Massive Data and Voice Transport Systems

Two and three board systems are only the beginning. Before I got into PCB Design I was building seven-foot high equipment racks for AT&T. There would be six large card shelves stacked up between heat shields and a few two rack-unit enclosures. (1) Each of the shelves held two groups of eight boards plus a 48 VDC power supply.

That’s 54 big 10.5 x 14” boards and whatever was inside the smaller enclosures. Our little factory in Santa Clara stood up 350 of those racks in a quarter. An empty rack with just the back-panels (bristling with 640 pin connectors) sold for the price of a mid-size Mercedes.

Fill it up with analog to digital converters, D to A converters, modulators, demodulators, a very interesting analog T1 interface board and a couple of others. Now you’re talking about a mid-size Bay Area house. Times 350; all to become part of a massive multi-board system. The internet backbone is one wing of this system.

Computers and Peripherals - A Tightly Connected World

Once the internet was up and running, the world needed to shrink the computer and go mobile. So, after years of telecom, I got into consumer electronics. Below is a gut-shot of one of the laptops I got to do when I was with Google. We wanted the longest battery life, the highest resolution, the most accurate touch screen, etc, etc, etc.

The Pixel 2 laptop was a showcase of 2015 technology for developers to have all of the possibilities we could think of. My wife is not a developer but she uses hers every day. It still runs long, quietly, and cool with those two exhaust fans. Step 3 of the teardown instructions is optional but I highly recommend it.

 “Step 3: Admiring the Compact Chaos”

Antennas and simple circuits on a board

Figure 3. Image Credit: IFIXIT - A handful of flex circuits tie various functions together.

That first flex is special to me. One of the design goals was a rugged laptop. I don’t encourage you to try it but the laptop has been tested with a three-foot drop onto concrete. Drop it on it’s edge, on the corner, let it slam flat on the bottom or top first onto the concrete pad. Make note of whatever breaks and redesign it to be stronger. This laptop has a USB-type C connector on either side of the chassis; an industry first.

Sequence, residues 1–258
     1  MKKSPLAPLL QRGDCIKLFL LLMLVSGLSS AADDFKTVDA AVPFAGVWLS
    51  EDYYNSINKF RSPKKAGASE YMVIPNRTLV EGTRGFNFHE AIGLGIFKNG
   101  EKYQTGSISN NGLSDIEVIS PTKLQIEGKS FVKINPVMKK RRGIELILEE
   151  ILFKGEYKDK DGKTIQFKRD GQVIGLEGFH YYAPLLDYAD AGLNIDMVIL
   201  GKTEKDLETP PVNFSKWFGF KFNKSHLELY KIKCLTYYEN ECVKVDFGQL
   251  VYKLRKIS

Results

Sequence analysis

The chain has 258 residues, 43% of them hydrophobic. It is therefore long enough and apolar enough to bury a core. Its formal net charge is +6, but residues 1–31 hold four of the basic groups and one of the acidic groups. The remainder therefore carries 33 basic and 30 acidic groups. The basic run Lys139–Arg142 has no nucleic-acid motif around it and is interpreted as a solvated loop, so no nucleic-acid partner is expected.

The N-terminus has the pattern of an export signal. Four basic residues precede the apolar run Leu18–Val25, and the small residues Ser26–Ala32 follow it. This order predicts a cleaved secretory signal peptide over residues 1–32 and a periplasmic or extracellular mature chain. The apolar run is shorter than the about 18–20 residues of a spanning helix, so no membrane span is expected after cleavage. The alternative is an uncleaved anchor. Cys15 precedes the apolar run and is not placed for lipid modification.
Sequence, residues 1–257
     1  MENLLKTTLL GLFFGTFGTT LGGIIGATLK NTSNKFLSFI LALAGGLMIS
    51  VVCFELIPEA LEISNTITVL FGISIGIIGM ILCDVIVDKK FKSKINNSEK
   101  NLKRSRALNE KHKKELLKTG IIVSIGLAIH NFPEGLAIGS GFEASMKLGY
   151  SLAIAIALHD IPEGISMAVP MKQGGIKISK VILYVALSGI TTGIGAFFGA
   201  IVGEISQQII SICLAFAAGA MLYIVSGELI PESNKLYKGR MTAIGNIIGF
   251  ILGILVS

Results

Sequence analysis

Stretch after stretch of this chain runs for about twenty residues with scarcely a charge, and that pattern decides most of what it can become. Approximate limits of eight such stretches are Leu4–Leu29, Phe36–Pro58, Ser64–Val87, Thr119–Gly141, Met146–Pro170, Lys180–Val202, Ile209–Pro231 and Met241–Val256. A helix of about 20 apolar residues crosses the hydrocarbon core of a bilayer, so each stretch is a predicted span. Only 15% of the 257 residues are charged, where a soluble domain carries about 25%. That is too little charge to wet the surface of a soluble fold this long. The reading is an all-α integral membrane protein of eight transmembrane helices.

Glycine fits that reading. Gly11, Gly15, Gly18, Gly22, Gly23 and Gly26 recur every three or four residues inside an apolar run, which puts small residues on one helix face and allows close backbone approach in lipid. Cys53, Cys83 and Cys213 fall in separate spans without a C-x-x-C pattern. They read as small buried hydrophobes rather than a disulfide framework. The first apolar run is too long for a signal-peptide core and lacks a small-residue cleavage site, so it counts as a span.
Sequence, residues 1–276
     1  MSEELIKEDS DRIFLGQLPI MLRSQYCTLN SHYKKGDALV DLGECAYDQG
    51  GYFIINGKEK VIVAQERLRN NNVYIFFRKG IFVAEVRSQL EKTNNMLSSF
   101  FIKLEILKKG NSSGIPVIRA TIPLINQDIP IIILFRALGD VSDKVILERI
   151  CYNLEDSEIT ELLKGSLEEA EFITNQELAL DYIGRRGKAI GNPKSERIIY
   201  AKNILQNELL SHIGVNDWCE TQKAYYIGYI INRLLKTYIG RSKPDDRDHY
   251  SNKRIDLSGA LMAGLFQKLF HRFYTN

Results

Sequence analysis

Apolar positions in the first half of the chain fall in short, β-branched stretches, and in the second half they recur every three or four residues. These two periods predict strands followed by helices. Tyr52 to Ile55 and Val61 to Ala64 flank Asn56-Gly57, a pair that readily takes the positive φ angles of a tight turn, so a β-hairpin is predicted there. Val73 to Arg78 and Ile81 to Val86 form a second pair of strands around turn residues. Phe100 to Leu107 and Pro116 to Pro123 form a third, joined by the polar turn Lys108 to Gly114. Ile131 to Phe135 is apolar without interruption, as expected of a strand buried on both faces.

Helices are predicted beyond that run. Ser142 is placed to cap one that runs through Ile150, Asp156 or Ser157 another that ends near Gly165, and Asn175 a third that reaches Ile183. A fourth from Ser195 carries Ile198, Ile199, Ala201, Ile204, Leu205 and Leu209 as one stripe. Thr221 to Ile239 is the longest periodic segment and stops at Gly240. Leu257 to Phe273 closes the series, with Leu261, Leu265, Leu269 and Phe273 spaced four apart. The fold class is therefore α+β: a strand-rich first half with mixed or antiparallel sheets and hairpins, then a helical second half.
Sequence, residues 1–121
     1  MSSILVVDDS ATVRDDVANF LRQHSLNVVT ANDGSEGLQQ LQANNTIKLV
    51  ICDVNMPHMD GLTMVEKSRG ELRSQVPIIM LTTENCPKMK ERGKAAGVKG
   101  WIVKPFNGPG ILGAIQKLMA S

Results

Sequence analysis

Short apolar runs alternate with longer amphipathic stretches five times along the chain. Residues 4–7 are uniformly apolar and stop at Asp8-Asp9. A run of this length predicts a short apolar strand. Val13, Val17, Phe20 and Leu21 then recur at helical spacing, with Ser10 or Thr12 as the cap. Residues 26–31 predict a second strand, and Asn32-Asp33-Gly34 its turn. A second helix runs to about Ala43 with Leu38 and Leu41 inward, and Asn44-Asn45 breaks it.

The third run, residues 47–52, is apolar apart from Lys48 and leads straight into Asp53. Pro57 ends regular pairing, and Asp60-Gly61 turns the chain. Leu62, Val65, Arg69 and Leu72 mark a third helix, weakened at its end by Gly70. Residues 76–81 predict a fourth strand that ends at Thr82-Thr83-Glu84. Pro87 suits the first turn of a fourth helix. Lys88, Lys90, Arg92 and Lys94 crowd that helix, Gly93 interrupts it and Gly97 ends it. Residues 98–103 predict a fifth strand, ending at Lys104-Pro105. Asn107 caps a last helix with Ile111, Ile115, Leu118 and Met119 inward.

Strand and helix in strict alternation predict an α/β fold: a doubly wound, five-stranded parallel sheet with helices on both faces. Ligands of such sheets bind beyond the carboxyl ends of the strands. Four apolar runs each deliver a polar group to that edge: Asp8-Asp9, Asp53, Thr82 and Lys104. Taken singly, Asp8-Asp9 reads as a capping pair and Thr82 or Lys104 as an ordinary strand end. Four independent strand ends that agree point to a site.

The one that is connected by the USB-flex failed when it became detached from the connector on the main logic card. As soon as I heard about the failure, I started re-routing all of the traces that passed by the board-to-board connector. Fortunately, a day later, the mechanical team came up with a one-screw solution that cantilevered out over the connector to keep it from disconnecting.

The thing we didn’t see coming was the stiffness of the flex. There are four superspeed lanes, two traditional USB 2 lanes, and two pairs of power pins along with ground. While only half of the connections are in use at any time, all of them have to be provisioned so that you can plug it in without wondering if it is upside down. A six-layer flex made sense but a wider four-layer FPC might have been better in hindsight.

So, when I’m looking at my wife’s laptop, I can picture the guts and plug into the USB port that is soldered directly to the main logic board. If you need to review section 10 on flexes, you’ll note that the USB flex image is that exact one. The Pixel doesn’t fall far from this PCB designer.

(1) Rack units are 1 ¾ inches high and 19 inches wide. The bolt pattern of the “rack ears” is common to many racked products like telecom but also pro-audio gear. Our shelves were six rack units and the boards were installed vertically like books but into card guides that aligned the board connectors with the back-plane connectors.

Next - Section 12 – PCB Design: How to Design For Test

About the Author

John Burkhert Jr is a career PCB Designer experienced in Military, Telecom, Consumer Hardware and lately, the Automotive industry. Originally, an RF specialist -- compelled to flip the bit now and then to fill the need for high-speed digital design. John enjoys playing bass and racing bikes when he's not writing about or performing PCB layout. You can find John on LinkedIn.